Can anyone who feigns a bad back or some other disability now ride in a cart? Will the field of golfers include many players walking and others riding? Will any golfer who just doesn't feel like walking be able to hitch a ride, thus saving valuable energy for a grueling 4 day tournament and possible playoffs? Should all golfers be required to ride in a cart, which would surely nip the controversy in the bud? Some feared that there would be a rush to ride carts on the pro tour, but that has not happened.
       Of course no one is advocating that handicapped golfers shouldn't be able to play golf. The question is, if allowed to play in big money PGA tournaments against the best players in the world, should they be given a hitch-up so that their physical handicap is likely to not just even up the playing field, but perhaps give them an advantage? Is riding a cart with shade provided by a roof over their head for 4 or 5 hours on a hot day for 4 days, parking in the shade much of the time, an advantage over players who are either walking or standing? Of course the line between what is and what isn't a physical handicap is not a bright line but rather it is arbitrary and cloudy. Isn't it obvious that professional golf, like professional football, basketball, baseball, hockey, soccer, and other sports, is designed for only athletes who are not only talented in that sport, but also are in top physical condition? And to break existing rules and diminish the requirements for competing, on an equal footing, wouldn't that defeat the purpose of the professional tournaments, which is to win fair and square. The idea of competing at the professional level is not to see to it that everyone gets a chance to play, as is the case in some Elementary School league sports, like Little League baseball, rather it is to win. Shouldn't any attempt to make exceptions to "the rules of the game" that allow for any potential advantage, besides talent, be avoided in order to maintain the integrity of the game.
        I will repeat some views that I have heard of that need to be well thought out in order to truly understand their intent and to what degree they could solve some of the problems in modern day sports and some of the controversies that exist. That way the temptation to unilaterally discard them could be offset by understanding their purpose, which is to remove some of the controversies.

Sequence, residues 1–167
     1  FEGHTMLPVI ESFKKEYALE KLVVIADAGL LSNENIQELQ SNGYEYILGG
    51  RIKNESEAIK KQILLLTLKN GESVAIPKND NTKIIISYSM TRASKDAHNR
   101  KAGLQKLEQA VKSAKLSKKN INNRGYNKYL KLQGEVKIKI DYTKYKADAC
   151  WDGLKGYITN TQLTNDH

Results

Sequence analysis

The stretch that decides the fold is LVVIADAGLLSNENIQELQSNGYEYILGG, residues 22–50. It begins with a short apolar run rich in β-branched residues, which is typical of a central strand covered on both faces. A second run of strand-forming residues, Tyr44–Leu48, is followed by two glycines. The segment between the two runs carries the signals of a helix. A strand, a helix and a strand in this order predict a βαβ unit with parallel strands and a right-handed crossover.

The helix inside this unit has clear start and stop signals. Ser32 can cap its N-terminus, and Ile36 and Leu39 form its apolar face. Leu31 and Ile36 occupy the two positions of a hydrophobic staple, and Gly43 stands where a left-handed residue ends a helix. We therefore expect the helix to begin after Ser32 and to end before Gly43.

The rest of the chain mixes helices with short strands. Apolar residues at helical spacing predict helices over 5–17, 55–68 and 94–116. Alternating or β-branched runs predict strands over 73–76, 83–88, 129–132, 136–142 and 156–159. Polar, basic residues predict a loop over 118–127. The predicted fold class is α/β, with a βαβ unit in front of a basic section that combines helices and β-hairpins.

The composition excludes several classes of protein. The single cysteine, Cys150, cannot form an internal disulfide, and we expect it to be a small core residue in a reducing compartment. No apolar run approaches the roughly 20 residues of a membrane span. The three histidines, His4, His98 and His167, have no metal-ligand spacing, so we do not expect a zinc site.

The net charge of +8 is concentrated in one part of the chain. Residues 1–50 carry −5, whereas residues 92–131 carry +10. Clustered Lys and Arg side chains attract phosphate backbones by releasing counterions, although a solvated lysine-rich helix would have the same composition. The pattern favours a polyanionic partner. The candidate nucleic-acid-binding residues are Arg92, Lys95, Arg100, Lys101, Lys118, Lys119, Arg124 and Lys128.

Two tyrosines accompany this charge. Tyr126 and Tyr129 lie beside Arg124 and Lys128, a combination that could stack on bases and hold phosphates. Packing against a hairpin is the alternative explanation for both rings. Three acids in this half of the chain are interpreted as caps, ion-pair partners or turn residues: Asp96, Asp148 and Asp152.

Provisions have been made for the blind to play baseball by using ropes being strung from base to base that the players hold on to when going from base to base. And the blind don't ask to play in the major leagues. There are basketball leagues for those unfortunate enough to need to sit in wheelchairs, and the games can be very competitive, but the players don't ask to play in the NBA and have rules altered to accommodate their handicaps, and there are no dispensations for short people. There are Special Olympics for qualifying track athletes and they don't ask to try out for the London Olympics in June. Isn't it possible and perhaps in the best interests of physically handicapped golfers to unite and form their own association, have their own tournaments, and compete, or at least participate, with other handicapped players? Golf at the professional level, the PGA, has as one of its aims that no player plays with any unfair advantages, only better skills. As it is, all professional players in a PGA Tournament must play the required number of holes, with a maximum of 14 golf clubs in their bag, each club meeting strict manufacturing guidelines. They are not allowed to wear shorts, and they must meet all other rules of the game of golf. The PGA runs the tournaments, and people who don't like their rules don't have to play. Golf is one of the few games in sports that relies on individual honesty and integrity and where every rule is always enforced. The attitude that says "What the heck, it's only a game. If the kid wants to ride around in one of those funny carts, let him, it's no big deal" is a mindless view and should be treated as such.